UN Human Rights Committee Questions U.S.’s Criminalization of Sex Workers as Method to Fight Trafficking

Yesterday the United Nations Human Rights Committee released its report on U.S. compliance with its obligations under the International Covenant on Civil and Political Rights (ICCPR). Advocates for sex worker rights from BPPP and SWOP-Phoenix were present during the Committee’s review of the U.S. government, and filed a shadow report with the Committee on rights abuses against people involved in commercial sex. The Committee is comprised of eighteen independent human rights experts who monitor states’ compliance with the ICCPR.  The United States ratified the ICCPR in 1992.

The “Concluding Observations” from the Committee included important points on racial profiling, police abuse, and immigrants’ rights. The Committee also called on the U.S. to re-align its anti-human trafficking efforts with human rights norms, which reject criminalizing people who are trafficked. Importantly, the Committee’s report placed the problem of forced labor within a larger framework of economics and immigration policies, and noted its concern “about the insufficient identification and investigation of cases of trafficking for labor purposes.”

Earlier in March, in Geneva, Human Rights Committee members questioned the U.S. Justice Department’s position that criminalizing sex workers (by calling for jail time for sex workers) is a sound way to combat human trafficking, noting the harm criminalization causes. During the hearing, Roy L. Austin, Jr., Deputy Assistant Attorney General with the Justice Department’s Civil Rights Division made clear that criminalization of sex workers is part of the administration’s approach to trafficking. Addressing advocates’ questions on the issue, Mr. Austin stated, “This issue is incredibly challenging, because to get those who exploit women, the only tool is to get those women to testify [by arresting them]. [We] sees those women as victims.

Human Rights Committee Chair Sir Nigel Rodley specifically asked how the government could expect people victimized and targeted by police and prosecutors to help provide evidence on traffickers. “[Mr. Austin] talked about the policy being victim-centered and in relation to sex trade workers, clearly the victims are the sex trade workers. If as I understood the policy is to prosecute them for doing something illegal, and I hope I’ve understood wrongly, then isn’t that going to make it particularly difficult to get the necessary evidence in order to reach effective prosecutions of traffickers, not to mention the double victimization?” he asked.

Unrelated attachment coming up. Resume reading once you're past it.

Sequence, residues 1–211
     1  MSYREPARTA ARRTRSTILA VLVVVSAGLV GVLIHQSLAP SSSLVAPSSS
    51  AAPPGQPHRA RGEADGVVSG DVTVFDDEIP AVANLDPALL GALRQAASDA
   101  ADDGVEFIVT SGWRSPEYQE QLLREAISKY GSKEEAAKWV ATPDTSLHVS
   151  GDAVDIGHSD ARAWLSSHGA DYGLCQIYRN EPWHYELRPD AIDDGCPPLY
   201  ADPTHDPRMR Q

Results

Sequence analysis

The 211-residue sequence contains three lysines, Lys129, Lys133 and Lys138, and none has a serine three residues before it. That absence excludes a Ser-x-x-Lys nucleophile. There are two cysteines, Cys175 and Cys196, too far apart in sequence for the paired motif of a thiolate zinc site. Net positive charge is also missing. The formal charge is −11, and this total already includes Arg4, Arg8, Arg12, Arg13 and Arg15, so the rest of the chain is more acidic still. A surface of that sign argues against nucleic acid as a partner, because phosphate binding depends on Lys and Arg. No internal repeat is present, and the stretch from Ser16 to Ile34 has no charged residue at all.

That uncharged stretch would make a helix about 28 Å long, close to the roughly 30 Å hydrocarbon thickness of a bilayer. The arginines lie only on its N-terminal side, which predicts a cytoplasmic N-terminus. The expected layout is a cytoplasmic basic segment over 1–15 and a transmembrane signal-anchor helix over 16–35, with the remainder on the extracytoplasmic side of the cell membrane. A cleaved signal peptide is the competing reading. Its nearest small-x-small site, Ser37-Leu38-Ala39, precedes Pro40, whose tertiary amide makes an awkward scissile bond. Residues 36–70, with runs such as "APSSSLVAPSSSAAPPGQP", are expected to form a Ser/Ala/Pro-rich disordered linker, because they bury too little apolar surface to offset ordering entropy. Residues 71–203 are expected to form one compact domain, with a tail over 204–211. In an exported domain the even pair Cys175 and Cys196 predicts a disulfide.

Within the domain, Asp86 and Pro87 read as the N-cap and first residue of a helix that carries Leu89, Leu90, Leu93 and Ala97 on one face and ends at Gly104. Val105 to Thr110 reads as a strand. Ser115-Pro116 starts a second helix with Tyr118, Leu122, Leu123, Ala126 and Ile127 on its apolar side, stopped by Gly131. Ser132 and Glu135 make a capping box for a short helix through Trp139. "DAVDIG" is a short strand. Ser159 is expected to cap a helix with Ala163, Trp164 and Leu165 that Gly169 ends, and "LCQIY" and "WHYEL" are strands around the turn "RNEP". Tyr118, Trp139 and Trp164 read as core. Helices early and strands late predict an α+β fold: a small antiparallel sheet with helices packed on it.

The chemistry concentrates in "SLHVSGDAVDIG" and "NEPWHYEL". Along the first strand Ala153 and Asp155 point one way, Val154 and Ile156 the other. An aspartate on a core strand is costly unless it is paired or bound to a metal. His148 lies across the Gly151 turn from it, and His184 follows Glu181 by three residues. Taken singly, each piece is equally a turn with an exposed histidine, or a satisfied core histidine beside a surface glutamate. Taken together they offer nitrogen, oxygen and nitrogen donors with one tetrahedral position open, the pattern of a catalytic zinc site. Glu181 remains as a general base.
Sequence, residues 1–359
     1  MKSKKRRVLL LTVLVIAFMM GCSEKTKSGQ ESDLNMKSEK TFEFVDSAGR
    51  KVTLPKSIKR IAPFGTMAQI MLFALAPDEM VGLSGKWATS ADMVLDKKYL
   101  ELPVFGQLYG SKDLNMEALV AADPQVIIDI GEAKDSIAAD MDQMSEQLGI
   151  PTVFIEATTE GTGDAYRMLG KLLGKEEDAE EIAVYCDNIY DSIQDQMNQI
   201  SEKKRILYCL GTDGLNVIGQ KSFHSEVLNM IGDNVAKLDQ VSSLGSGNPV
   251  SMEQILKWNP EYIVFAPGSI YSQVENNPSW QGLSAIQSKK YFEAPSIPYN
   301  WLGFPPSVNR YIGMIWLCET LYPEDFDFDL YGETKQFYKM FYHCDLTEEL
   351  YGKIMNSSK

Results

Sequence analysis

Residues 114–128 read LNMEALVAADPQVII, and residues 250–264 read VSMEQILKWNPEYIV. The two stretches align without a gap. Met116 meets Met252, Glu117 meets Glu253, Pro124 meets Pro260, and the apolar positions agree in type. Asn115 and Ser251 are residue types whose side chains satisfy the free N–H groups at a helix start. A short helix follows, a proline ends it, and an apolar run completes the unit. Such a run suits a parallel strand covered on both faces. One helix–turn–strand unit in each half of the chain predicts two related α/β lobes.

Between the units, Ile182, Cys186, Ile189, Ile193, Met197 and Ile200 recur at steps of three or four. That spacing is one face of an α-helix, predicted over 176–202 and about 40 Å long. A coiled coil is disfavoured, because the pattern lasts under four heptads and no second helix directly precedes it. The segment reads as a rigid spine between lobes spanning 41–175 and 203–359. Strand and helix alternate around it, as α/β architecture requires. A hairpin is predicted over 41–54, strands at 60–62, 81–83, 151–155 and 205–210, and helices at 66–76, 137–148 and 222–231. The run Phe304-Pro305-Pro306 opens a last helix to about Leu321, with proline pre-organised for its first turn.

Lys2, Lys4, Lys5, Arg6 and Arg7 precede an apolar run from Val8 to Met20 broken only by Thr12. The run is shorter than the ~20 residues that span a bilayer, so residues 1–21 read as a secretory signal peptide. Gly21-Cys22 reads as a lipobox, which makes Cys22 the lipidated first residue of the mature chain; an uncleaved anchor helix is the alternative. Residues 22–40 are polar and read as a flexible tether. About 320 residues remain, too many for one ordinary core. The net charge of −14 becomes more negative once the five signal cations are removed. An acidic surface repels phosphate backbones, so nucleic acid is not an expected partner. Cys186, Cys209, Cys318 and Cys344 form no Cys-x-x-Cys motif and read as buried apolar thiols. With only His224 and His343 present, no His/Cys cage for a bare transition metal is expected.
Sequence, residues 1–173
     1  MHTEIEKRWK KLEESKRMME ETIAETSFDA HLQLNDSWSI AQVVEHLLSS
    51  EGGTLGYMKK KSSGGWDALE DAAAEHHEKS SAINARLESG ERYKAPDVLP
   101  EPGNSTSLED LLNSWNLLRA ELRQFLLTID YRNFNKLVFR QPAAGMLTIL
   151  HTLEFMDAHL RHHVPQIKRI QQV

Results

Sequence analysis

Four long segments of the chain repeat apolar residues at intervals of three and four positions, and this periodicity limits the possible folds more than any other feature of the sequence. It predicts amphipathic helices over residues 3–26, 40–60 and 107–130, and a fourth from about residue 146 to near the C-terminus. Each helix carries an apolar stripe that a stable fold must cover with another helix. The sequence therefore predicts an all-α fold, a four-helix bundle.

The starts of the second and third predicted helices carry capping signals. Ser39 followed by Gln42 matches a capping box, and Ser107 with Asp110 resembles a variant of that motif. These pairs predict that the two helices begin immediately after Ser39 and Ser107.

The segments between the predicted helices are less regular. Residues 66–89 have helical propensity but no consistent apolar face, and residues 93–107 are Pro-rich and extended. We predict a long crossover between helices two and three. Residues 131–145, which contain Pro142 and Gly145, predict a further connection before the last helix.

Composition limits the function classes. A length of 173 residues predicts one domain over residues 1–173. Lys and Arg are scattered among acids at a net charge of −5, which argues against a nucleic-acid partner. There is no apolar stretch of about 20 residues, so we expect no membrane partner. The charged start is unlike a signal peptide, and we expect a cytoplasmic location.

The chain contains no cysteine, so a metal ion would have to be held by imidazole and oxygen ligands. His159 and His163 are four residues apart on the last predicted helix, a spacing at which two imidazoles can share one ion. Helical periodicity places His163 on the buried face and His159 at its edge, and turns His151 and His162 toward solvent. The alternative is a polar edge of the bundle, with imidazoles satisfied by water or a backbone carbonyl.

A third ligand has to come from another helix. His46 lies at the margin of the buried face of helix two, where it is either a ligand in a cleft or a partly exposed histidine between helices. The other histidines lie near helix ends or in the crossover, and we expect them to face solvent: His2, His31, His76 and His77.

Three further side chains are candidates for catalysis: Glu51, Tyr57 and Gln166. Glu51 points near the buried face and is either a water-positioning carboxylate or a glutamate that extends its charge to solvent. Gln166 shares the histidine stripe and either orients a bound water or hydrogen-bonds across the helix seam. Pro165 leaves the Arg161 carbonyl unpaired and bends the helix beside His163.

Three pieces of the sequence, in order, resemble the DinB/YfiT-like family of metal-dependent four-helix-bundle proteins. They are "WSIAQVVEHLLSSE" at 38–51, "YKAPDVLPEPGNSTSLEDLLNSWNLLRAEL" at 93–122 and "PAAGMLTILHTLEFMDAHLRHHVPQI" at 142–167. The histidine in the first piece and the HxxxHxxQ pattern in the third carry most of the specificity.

Advocates from SWOP-Phoenix and BPPP educated Committee members prior to the hearing about ways that U.S. policing practices and anti-trafficking initiatives violate the civil and human rights of arrestees. Specifically, advocates described how Project ROSE, a Phoenix-based ostensible anti-trafficking initiative actually results in mass arrest and imprisonment of people police suspect to be doing sex work, and violates the due process rights of arrestees in the process.

Advocates noted how criminalization harms sex workers, people profiled as sex workers, and people who are trafficked. They also spoke about how there is forced labor in an array of industries, including farm work, domestic work and factory work, but there is no other arena aside from sex work where the approach is to criminalize people who may be trafficked in order to prosecute human traffickers.

During a civil society briefing with the U.S. government delegation attending the review in Geneva, advocates pointed out to the Justice Department official that places like Phoenix, AZ impose mandatory minimum sentences for criminal convictions for sex work, meaning arrestees are imprisoned in Arizona’s notorious detention facilities. In 2009, Arizona’s Department of Corrections killed Marcia Powell, who was sentenced to a 27-month prison term for sex work, by confining her in a metal cage in the desert with no water. As in some other states, escalating penalties in Arizona for additional sex work convictions eventually lead to an automatic felony, depriving arrestees of voting rights and other civil and human rights.

In a statement before the Human Rights Committee, SWOP-Phoenix member Jaclyn  Moskal Dairman asked that the Committee, “call on the US to ensure that sex workers and people profiled as such are afforded their constitutional rights when arrested under ostensible ‘anti-trafficking’ initiatives, and call on the government to monitor anti-trafficking funds to ensure they are not being used to violate civil rights.